An athlete who commits domestic violence should pay a price, but that won’t be levied by the NCAA.
The NCAA forbids a player from being immediately eligible if he or she transfers as an undergraduate to another school, but it shies away from eligibility legislation on an athlete who is found to be physically abusive. The governing body places the responsibility of penalizing the athlete with a domestic violence charge on the institutions. The conferences can have their say, and many do but to varying degrees. The SEC appears to be the most proactive and strict while the ACC and Big Ten follow the NCAA’s lead and allows the schools to police their own.
The SEC was the first of the major conferences to adopt a transfer rule that impacts athletes with a domestic violence background. According to a bylaw passed two years ago and then revised last year, SEC schools are prevented from accepting a transfer student with a history of domestic or sexual violence. If the athlete transfers to another conference institution, he or she must sit out two years and not be on scholarship. That effectively makes the athlete go elsewhere.
The Pac-12 and Big 12 have adopted similar transfer policies to the SEC, prohibiting transfers from participating in athletics if they are ineligible to re-enroll at any of their previous universities because of misconduct. The policy applies to issues such as assault, harassment, and academic fraud but not academic performance unrelated to misconduct.
While the Big Ten is standing pat, Indiana made news recently by doing what the SEC, Pac-12 and Big 12 have done with their institutions. The university released a new policy banning any prospective student who has a history of sexual assault or domestic violence from joining any of the school’s athletic programs.
The policy bars the acceptance of any transfer student or incoming freshman “who has been convicted of or pled guilty or no contest to a felony involving sexual violence…, or has been found responsible for sexual violence by a formal institutional disciplinary action at any previous collegiate or secondary school.”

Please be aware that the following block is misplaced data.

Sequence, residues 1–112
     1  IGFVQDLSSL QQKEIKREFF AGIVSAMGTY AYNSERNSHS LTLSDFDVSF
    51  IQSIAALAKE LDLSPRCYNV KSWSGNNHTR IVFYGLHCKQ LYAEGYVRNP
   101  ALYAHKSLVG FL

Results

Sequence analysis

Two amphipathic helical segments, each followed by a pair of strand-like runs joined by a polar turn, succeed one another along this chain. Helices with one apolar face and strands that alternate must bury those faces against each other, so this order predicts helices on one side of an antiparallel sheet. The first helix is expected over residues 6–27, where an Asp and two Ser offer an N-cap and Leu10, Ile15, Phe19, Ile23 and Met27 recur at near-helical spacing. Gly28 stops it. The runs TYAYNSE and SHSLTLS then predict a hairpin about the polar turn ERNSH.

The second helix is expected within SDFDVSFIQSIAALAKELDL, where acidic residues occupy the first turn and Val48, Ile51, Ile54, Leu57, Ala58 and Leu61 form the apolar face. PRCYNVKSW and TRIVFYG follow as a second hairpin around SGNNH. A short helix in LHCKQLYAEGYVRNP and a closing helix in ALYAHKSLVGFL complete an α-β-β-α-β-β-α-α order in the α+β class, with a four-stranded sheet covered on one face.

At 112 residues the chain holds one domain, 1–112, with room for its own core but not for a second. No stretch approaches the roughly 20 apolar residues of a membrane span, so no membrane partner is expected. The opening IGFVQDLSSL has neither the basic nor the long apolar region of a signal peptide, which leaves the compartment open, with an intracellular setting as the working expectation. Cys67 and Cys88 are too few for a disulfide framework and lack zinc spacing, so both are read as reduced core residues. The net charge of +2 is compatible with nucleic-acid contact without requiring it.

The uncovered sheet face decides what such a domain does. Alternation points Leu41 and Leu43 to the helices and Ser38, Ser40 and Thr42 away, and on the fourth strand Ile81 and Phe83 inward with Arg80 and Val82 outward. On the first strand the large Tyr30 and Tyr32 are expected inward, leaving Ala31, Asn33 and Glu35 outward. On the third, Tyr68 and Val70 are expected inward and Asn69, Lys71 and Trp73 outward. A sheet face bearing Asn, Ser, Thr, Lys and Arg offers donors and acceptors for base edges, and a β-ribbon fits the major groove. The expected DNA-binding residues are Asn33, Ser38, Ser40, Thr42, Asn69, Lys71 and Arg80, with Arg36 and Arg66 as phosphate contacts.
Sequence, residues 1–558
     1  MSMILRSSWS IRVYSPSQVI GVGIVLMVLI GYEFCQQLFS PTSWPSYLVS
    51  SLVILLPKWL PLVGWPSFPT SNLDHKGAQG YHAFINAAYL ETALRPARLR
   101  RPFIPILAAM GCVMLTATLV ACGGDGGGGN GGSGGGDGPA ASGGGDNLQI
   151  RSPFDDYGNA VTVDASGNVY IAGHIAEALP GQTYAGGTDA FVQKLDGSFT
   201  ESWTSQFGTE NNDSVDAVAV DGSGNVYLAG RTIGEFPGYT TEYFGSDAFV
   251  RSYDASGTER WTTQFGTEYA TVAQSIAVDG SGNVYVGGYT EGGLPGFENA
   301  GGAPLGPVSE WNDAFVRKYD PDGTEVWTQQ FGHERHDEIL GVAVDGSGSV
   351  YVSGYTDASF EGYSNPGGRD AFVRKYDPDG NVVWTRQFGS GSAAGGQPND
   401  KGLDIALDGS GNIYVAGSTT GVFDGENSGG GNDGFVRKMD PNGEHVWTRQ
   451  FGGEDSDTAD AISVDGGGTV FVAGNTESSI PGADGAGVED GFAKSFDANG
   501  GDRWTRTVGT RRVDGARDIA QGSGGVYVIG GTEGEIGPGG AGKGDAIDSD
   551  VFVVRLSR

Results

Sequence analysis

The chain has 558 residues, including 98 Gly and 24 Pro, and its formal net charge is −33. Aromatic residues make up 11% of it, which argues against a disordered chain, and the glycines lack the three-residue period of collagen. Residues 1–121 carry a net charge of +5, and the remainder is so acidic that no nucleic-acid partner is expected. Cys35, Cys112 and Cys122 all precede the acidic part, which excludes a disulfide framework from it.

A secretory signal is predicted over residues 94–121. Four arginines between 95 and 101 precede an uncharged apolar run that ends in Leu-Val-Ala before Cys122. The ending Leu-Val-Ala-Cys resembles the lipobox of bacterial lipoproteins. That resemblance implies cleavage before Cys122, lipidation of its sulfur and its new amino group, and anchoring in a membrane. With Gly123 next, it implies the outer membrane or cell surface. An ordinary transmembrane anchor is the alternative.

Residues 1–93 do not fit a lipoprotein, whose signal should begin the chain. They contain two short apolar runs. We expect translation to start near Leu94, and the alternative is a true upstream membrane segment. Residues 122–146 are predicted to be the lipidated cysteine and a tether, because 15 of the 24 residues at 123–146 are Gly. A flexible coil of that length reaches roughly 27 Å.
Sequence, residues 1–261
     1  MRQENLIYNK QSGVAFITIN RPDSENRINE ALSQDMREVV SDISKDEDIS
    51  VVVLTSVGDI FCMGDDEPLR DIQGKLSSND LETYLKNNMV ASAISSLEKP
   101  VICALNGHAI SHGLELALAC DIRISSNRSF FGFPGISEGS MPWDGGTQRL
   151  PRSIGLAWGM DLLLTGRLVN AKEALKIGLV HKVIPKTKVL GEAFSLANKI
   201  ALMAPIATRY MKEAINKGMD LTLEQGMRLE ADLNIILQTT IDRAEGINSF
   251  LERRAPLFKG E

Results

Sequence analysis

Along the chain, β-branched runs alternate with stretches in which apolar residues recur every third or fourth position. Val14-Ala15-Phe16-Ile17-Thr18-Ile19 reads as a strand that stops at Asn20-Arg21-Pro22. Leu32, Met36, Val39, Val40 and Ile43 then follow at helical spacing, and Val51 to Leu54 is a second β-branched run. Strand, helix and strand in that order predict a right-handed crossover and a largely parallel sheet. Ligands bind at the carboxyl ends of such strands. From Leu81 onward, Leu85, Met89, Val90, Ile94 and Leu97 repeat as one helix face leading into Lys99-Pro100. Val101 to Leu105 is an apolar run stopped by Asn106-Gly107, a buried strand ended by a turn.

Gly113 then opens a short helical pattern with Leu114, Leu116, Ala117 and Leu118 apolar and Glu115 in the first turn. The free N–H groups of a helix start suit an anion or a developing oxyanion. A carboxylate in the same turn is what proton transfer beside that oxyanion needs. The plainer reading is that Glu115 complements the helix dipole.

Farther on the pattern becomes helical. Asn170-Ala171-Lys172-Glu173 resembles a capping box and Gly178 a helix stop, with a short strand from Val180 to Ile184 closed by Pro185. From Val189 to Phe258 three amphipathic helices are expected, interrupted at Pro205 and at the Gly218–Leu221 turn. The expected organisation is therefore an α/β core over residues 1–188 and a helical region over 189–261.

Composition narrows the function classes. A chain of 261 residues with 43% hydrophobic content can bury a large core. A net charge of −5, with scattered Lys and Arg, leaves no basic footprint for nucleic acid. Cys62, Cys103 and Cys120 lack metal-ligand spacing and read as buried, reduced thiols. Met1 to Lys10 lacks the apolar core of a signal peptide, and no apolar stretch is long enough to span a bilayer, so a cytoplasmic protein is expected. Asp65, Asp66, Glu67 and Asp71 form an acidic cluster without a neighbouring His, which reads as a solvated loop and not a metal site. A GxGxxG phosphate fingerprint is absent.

Indiana athletic director Fred Glass told IndyStar that the policy was inspired by the transfer ban instituted by the SEC in 2015. “It’s something the SEC, with their transfer ban, I think raised the issue generally,” Glass told IndyStar. “We’ve been working on that since that time, in trying to put something together that makes sense for Indiana University.”
Indiana’s policy actually takes the crackdown on domestic violence a step further than the conferences, including trendsetter SEC. The conferences do not ban high school recruits implicated in a domestic violence charge. Their legislation only involves athletes who have signed a national letter of intent or financial aid agreement.
Last year, Mississippi State signed a recruit, Jeffery Simmons, who was captured on video hitting a woman. Simmons had not signed with another program. Simmons punishment was a suspension from playing in the Bulldogs’ opener last season. “We took our time and vetted this thing as best we could,” athletics director Scott Stricklin told reporters at SEC spring meetings last year. “The second thing is that we wanted to make sure that we weren’t making our campus unsafe. We weren’t introducing something on campus that would create an issue, which is why we spent a lot of time in his hometown talking to a lot of people.”
Varied degrees of policy enforcement are the result of the NCAA allowing the institutions to police their own. What is alright for Mississippi State is not acceptable at Indiana, or at least it will be perceived that way.
What happens with athletes before they reach college looks like the next debate. Indiana has spoken. Who’s next?